Leaky Fuel Filters

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FJCamper
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Leaky Fuel Filters

Post by FJCamper » Sun Apr 16, 2017 5:02 pm

Image

We use clear plastic fuel filters on our racers so we can see fuel color, movement, and whatever debris might be trappped in them at the time. It is a bit humbling to be using the same filter as light garden equipment, but they work, and pass enough fuel in volume to sustain the 2.2 Blitzwagen hours on end in a LeMons enduro.

We also go through a lot of these, as well as FLAP "rubber" fuel line, as heat and ethanol-diluted gas harden the lines. No kidding. We change all the fuel lines, and the three filters about twice a year. That's one each filter for the Kads, and one exiting the fuel cell to the fuel pump. The same is true on our Historic Sportscar Racing Ghia.

https://www.amazon.com/gp/product/B00Y3 ... UTF8&psc=1

Anyway, a leaking disposable filter was a rarity for us, until we bought a box of 10 from Amazon (link above) and the first five we tried out of the box failed. We did some minor forensics and discovered uneven gluing around the filter joint. The photo above even shows a build-up of glue dyed orange (we think) by the paper filter. We had mostly Sunoco racing gas in the Ghia, the grade of which is undyed.

We even wondered if the racing fuel was affecting the filters, or if the fuel pressure (3.5psi for the Weber's) was a contributor. But the buyer's comments on Amazon told it all. Customer after customer had the same experience as us.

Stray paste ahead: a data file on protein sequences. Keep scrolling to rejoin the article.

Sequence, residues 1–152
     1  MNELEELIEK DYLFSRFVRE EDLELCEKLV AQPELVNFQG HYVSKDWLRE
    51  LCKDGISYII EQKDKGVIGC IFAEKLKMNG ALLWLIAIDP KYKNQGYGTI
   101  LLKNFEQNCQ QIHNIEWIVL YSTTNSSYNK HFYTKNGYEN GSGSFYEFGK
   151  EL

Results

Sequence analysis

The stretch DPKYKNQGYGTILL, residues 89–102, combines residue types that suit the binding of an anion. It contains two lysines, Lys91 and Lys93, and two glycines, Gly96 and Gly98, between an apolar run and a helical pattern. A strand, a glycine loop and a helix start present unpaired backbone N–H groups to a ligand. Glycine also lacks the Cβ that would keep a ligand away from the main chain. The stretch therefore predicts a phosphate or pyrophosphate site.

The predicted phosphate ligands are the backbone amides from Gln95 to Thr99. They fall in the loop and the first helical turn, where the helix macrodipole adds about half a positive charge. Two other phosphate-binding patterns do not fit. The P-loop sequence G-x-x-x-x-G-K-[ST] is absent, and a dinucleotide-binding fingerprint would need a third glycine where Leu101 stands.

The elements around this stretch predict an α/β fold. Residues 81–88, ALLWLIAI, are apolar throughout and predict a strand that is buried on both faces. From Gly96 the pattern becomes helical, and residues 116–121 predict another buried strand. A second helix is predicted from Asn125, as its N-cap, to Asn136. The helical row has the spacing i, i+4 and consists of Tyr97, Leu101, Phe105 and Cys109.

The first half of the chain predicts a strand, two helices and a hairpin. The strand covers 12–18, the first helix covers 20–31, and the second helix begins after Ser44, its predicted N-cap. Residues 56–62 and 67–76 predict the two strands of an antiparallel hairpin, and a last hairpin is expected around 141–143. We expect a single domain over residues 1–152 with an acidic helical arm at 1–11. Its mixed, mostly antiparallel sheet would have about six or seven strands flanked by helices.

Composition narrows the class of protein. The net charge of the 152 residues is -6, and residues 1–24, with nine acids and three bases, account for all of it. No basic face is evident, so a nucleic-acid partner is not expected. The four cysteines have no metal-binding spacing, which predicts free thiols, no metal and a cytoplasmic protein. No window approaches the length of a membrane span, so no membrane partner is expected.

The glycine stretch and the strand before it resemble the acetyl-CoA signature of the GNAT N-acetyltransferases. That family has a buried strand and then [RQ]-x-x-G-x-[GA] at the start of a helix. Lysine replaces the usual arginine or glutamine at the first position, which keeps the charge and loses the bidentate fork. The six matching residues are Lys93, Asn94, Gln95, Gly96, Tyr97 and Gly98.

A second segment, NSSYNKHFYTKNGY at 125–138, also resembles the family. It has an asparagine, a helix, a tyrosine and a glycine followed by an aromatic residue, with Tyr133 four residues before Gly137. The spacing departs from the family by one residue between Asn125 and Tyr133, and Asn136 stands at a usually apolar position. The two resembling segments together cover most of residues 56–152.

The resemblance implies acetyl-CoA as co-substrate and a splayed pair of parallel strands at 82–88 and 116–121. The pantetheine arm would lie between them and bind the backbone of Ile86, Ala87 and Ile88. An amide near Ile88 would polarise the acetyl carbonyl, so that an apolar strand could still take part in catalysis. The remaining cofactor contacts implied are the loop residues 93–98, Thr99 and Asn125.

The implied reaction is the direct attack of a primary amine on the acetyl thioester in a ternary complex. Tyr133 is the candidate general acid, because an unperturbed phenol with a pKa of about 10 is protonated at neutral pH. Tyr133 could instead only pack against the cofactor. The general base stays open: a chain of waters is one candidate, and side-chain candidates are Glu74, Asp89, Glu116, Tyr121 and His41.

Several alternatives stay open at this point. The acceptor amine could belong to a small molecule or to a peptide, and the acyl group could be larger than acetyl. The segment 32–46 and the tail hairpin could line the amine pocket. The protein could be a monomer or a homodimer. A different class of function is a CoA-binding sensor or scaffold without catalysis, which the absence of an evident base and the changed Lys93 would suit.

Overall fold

The point here is no matter the brand, come back and check your clear plastic fuel filters after an hour or so, no matter what the brand.

FJC

PS: We tried hot glue and Super Glue to 'make these defective filters usable, but no luck. Drip, drip, drip ...

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sideshow
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Re: Leaky Fuel Filters

Post by sideshow » Sun Apr 16, 2017 7:36 pm

I only use those in gravity feed places like mowers/small engines, never though much of them in automotive use. They fail there also. When young I used them as size adapters to make the conversion from metric to SAE and back but stopped after finding non-V8 bits.

The glass screw together type that the internet seems to hate have all ways worked fine for me. Zip tie or adel clamp the body and easy to clean.
Yeah some may call it overkill, but you can't have too much overkill.

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Re: Leaky Fuel Filters

Post by FJCamper » Sun Apr 16, 2017 11:42 pm

Hi Sideshow,

I wouldn't subject clear plastic filters to anymore than 3 to 4 psi. Having this batch of leaky filters gave us a chance to experiment with pressures.

If you put a vac/pressure pump (with gauge) on the inlet side and block the outlet side, you can see exactly where the seams pop as you pump.

20 psi will dramatically blow any of them, guaranteed. some fail at 8 psi, most hold to 10 or thereabouts.

I still have one of the original Pyrex glass, metal filter element screw-together in-line filters in my tool box, a leftover from the past. I stopped using it because of the possibility of leakage.

FJC

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Re: Leaky Fuel Filters

Post by Piledriver » Mon Apr 17, 2017 12:22 am